It’s that time of year, the income tax season is upon us once again. Although the Federal income tax and Kentucky State income tax deadline of April 15, 2007 is several months away, it’s never too early to begin thinking about your income taxes.
Ideally, you should think about your taxes all year round in the manner you keep your records and save your receipts. A little preparation can make tax season much easier. Even if you have a shoebox full of receipts, take heart. You can still get organized in time to file your Federal income taxes and Kentucky State income taxes.
Most of us are still waiting on W-2’s and other papers needed to prepare our 2006 Kentucky State income tax and Federal income tax forms. Don’t wait until the last minute to start gathering up your forms, receipts and income tax information. Now is the perfect time to start thinking about your income taxes and the deductions you may be entitled to. Remember, it is much less stressful to start now than to make a mad dash in the early weeks of April.
In this article I’m going to focus on Kentucky State income tax preparation and Kentucky State income tax topics. So remember, that if you live outside of Kentucky, your state tax income laws, rules and regulations may greatly vary from Kentucky’s laws.
The first step is to decide on how you want to go about preparing your Kentucky State income taxes. Some people are capable of filing their own Federal income taxes and Kentucky State income taxes and others prefer to hire a professional.
Many people frequently miss deductions they are entitled to when doing their own tax returns. If you itemize or have complex tax returns, it may be best to get some help with your taxes. Also remember, that each year’s tax needs can vary. If you have sold a home, have sold stock or other investments, or have taken a retirement lump-sum payment, for a few examples-you may want to go ahead and use a tax professional.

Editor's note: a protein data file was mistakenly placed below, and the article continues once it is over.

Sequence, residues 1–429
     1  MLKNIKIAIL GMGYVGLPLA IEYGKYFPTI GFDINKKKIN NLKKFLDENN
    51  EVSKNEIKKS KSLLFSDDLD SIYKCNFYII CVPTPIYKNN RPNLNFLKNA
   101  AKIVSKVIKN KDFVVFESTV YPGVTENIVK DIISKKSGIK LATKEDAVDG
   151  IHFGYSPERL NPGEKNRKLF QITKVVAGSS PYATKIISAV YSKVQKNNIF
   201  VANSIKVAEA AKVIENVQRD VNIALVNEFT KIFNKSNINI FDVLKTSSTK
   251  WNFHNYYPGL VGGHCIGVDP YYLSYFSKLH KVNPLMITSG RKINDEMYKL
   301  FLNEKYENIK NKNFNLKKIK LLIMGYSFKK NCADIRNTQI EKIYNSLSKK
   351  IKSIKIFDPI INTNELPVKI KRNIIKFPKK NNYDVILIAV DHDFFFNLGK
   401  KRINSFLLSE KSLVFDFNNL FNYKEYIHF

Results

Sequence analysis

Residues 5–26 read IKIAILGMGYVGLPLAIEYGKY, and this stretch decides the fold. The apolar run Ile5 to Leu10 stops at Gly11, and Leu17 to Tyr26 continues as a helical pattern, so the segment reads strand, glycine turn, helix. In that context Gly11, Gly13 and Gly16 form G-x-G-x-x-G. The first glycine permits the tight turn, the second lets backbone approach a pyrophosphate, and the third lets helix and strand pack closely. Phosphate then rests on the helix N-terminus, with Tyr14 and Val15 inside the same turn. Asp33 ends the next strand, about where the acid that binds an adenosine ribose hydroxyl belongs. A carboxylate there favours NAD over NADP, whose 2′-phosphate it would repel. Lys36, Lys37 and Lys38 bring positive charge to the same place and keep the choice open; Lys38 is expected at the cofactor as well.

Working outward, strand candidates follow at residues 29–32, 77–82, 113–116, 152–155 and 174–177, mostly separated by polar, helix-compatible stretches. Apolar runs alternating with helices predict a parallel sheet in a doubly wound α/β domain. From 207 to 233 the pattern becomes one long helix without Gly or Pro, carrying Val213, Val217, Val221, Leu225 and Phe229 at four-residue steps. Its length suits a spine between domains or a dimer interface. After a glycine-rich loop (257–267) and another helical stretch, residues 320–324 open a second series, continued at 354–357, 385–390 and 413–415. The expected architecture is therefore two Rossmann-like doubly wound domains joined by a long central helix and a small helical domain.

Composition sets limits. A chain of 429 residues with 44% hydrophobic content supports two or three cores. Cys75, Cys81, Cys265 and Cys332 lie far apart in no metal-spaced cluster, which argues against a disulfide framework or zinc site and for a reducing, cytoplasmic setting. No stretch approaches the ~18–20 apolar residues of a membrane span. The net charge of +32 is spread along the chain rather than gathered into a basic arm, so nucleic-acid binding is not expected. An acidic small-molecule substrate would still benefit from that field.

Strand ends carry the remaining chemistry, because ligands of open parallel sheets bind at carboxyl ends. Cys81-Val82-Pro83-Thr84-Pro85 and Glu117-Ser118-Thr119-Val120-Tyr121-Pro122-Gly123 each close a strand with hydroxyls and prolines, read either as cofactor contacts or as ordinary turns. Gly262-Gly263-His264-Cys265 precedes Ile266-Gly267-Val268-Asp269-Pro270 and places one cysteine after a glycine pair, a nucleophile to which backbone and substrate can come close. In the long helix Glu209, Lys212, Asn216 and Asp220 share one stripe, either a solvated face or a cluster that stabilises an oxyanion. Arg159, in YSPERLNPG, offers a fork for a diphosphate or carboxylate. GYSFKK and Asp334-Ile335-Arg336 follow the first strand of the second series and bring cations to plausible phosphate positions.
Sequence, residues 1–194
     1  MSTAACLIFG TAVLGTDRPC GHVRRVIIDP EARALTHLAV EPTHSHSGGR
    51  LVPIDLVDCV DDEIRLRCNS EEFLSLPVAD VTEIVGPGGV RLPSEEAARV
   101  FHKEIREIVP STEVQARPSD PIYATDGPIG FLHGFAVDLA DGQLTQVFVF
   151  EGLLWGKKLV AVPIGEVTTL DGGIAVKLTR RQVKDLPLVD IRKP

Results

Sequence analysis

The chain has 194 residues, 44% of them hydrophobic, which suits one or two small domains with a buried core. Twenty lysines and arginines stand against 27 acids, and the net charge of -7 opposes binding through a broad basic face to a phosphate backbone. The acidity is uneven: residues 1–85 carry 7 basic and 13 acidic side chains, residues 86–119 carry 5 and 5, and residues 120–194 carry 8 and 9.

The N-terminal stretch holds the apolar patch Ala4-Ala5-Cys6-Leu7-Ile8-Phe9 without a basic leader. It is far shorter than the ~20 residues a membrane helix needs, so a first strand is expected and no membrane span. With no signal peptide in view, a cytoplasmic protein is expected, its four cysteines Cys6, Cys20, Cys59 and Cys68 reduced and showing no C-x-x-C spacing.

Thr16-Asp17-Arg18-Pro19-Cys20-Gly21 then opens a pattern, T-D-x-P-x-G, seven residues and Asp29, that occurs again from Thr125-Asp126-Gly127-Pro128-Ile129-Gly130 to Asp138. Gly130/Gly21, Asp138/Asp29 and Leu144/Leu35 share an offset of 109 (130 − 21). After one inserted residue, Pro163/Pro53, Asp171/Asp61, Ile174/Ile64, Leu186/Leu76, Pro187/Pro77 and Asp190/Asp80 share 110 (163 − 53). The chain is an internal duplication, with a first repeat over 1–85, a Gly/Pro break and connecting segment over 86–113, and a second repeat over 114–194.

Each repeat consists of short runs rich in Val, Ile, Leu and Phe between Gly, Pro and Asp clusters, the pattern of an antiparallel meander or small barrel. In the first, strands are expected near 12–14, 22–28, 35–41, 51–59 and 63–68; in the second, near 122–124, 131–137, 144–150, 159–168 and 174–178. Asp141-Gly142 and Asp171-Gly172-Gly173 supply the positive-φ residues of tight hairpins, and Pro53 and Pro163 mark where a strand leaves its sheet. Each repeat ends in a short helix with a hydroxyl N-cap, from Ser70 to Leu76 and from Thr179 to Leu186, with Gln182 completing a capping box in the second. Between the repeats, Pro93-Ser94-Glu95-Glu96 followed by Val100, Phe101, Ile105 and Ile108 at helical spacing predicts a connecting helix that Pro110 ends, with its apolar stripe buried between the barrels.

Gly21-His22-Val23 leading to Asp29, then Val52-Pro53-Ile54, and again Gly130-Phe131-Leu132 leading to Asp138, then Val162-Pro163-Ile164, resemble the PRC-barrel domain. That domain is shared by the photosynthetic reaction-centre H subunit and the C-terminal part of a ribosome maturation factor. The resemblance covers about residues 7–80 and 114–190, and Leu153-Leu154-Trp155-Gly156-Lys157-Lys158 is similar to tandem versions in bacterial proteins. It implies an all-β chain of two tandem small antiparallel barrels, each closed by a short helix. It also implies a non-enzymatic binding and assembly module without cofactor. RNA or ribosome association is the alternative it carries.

If you are going to do your own Federal income taxes and Kentucky State income taxes, it could be worth your while to purchase a tax preparation program such as “Turbo Tax” or “Kiplinger’s Tax Cut.” Both are available at stores nation wide at a price that is much cheaper than a professional tax preparer.
But, be warned that most of these programs only prepare your federal income tax returns and not your Kentucky State income tax returns. Most programs require you to purchase a second program specifically for your State income taxes, in this case Kentucky State income taxes. So be sure to check the box and make sure it prepares both your Federal and Kentucky State forms.
Each of these tax preparation software lines also sell different software versions ranging from basic to deluxe. The basic version, should be sufficient for most tax payers. There is also some work involved even when using the software, so for some people this may be unappealing.